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Demo of my newly constructed 3.5" FSL


Chuck
 

Here's a quick demo of my newly constructed 3.5" FSL. Reception is of the clear channel 50K watt station CFZM in Toronto under poor conditions.
FSL Antenna Demo with Tecsun PL-660

This FSL uses 140mm x 8mm rods from a different source since sufficient quantity weren't available from the eBay seller.
https://www.rf-microwave.com/en/ferrite-rods/171/

My experimentation showed that the recommended 27 full turns of the 1162/46 Litz wire were optimum for this unit.
My only other modifications were a plastic base to help secure the variable capacitor to the frame and use of a cut up plastic water bottle to form a stable shell for the loop windings.

The next test is to get out of the electrically noisy Washington DC area and try the FSL at a local mountain called Mt Weather. My immediate goal is to log US clear channel stations as far west as possible, such as KOA in Denver and perhaps even KFI in Los Angeles.

Again, a big thank you to Gary for the well documented plans.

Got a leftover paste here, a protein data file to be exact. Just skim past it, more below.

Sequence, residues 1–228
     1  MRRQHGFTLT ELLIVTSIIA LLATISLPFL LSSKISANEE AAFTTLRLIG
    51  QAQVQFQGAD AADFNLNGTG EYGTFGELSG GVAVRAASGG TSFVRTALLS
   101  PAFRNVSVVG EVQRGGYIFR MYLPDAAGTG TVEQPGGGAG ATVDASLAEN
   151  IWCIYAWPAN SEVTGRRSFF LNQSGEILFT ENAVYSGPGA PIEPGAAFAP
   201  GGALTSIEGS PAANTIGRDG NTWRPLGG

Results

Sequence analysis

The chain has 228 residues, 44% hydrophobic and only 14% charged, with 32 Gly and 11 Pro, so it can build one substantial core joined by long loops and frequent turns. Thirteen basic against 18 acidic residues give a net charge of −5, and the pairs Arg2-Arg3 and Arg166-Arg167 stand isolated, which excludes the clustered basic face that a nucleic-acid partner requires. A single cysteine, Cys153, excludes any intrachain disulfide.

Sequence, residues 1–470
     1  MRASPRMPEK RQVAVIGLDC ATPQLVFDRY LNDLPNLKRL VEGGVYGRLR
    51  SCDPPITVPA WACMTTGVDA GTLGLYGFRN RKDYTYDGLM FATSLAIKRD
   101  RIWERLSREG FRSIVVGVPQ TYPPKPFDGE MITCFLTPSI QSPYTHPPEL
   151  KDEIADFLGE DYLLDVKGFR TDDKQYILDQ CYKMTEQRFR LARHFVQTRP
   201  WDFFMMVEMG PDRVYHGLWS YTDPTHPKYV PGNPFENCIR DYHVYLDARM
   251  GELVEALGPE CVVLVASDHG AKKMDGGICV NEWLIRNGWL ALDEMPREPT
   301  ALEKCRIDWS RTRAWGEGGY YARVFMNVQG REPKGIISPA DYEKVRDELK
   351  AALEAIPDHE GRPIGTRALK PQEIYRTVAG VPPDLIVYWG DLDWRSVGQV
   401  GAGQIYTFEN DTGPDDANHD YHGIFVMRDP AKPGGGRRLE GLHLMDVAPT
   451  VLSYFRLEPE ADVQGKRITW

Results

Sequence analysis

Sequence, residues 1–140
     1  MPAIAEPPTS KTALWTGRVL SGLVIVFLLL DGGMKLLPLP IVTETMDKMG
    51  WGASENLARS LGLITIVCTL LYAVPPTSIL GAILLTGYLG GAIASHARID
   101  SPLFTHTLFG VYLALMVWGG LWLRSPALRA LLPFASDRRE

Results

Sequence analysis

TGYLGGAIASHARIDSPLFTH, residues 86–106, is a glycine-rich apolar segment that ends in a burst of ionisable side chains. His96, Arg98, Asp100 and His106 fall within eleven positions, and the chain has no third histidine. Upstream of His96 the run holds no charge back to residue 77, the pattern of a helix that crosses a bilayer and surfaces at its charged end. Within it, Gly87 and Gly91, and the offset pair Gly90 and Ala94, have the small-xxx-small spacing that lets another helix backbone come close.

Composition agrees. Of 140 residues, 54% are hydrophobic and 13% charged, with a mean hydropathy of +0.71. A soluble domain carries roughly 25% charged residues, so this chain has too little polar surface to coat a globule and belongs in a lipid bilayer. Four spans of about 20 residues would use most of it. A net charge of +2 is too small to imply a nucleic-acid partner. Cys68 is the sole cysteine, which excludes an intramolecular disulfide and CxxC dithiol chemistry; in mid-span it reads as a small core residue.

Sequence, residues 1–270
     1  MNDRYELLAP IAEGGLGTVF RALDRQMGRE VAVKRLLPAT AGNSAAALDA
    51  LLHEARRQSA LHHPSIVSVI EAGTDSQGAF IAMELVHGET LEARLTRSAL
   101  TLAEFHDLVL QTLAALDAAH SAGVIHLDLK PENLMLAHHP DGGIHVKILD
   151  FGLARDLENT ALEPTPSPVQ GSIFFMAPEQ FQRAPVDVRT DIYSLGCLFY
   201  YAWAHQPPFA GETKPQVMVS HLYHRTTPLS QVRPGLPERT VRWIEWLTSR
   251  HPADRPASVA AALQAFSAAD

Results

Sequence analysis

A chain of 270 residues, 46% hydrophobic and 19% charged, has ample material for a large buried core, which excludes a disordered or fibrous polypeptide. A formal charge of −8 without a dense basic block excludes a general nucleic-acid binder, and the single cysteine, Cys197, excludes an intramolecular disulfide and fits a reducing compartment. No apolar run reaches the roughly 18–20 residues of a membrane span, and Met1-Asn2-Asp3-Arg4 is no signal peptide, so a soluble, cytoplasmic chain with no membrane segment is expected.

Best,
Chuck Gafvert
Herndon, VA


Paul Blundell
 

On Wed, Jul 1, 2020 at 2:32 PM Chuck <cgafvert@...> wrote:
Here's a quick demo of my newly constructed 3.5" FSL. Reception is of the clear channel 50K watt station CFZM in Toronto under poor conditions.
FSL Antenna Demo with Tecsun PL-660

This FSL uses 140mm x 8mm rods from a different source since sufficient quantity weren't available from the eBay seller.
https://www.rf-microwave.com/en/ferrite-rods/171/

My experimentation showed that the recommended 27 full turns of the 1162/46 Litz wire were optimum for this unit.
My only other modifications were a plastic base to help secure the variable capacitor to the frame and use of a cut up plastic water bottle to form a stable shell for the loop windings.

The next test is to get out of the electrically noisy Washington DC area and try the FSL at a local mountain called Mt Weather. My immediate goal is to log US clear channel stations as far west as possible, such as KOA in Denver and perhaps even KFI in Los Angeles.

Again, a big thank you to Gary for the well documented plans.

Best,
Chuck Gafvert
Herndon, VA



--
Paul


Chuck
 

Thanks, Paul!


Gary DeBock